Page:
By day, undergraduate performers at UChicago pursue courses in a variety of fields of study. From philosophy to literature to history to biology, their academic interests in the College span far and wide. By night, they join together to create innovative theater.
Oftentimes these performers build upon traditions that have centuries of history, which can be challenging to replicate in the modern world. That’s where students from the on-campus theater troupes Classical Entertainment Society (CES) and UChicago Commedia come in. Uniting traditions from classical theater with modern-day situations and even their own academic interests, CES and Commedia know how to create an act that speaks to today’s world. Here’s how they do it:
Classical Entertainment Society
The troupe dedicated to “all things Classical” was founded by members of UChicago's Department of Classics in 2004. After a variety of events over the years ranging from readings of epic poems to chariot races, the group has since focused on producing performances inspired by classical theater, according to fourth-year Taz Urnov, the group’s artistic director.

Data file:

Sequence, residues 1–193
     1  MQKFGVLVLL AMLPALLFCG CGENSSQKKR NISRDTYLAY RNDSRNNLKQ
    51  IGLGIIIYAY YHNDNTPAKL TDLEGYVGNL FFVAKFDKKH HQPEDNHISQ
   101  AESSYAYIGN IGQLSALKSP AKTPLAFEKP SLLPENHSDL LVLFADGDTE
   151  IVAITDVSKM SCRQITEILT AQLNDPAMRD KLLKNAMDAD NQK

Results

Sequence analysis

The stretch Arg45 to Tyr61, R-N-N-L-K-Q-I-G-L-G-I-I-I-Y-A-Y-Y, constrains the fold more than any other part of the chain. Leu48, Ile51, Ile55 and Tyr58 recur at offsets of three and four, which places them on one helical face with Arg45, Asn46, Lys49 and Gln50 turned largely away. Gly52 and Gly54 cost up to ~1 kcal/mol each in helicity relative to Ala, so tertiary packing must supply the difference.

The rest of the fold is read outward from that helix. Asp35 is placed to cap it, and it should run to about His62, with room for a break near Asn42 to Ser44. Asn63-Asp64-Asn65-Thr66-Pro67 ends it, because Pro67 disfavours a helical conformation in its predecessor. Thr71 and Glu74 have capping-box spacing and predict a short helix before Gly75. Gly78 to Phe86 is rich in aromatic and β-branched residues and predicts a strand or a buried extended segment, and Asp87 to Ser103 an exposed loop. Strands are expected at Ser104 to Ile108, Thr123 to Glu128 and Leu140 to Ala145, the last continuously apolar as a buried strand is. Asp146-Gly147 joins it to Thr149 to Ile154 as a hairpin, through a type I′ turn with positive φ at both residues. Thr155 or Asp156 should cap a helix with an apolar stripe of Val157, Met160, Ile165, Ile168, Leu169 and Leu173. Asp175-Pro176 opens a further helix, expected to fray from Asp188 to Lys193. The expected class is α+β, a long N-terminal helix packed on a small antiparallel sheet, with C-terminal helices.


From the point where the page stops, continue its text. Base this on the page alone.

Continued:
One of the main goals of the Classical Entertainment Society (CES) is right in its name—they strive to bring the entertainment to works of antiquity that many audiences might otherwise find inaccessible or dull.
“So many people think of the classics as being really boring, as being exclusively associated with bearded old philosophers wearing togas,” said Urnov. “But we bring the classics to life in a fun, diverse way.”
CES members share many different responsibilities to bring their visions to life. That’s why their creative process is so lively and collaborative. One feature of their recent productions has been unconventional staging. Performances have taken place in Hutch Commons, Hutch Courtyard, and the Cloister Club in Ida Noyes.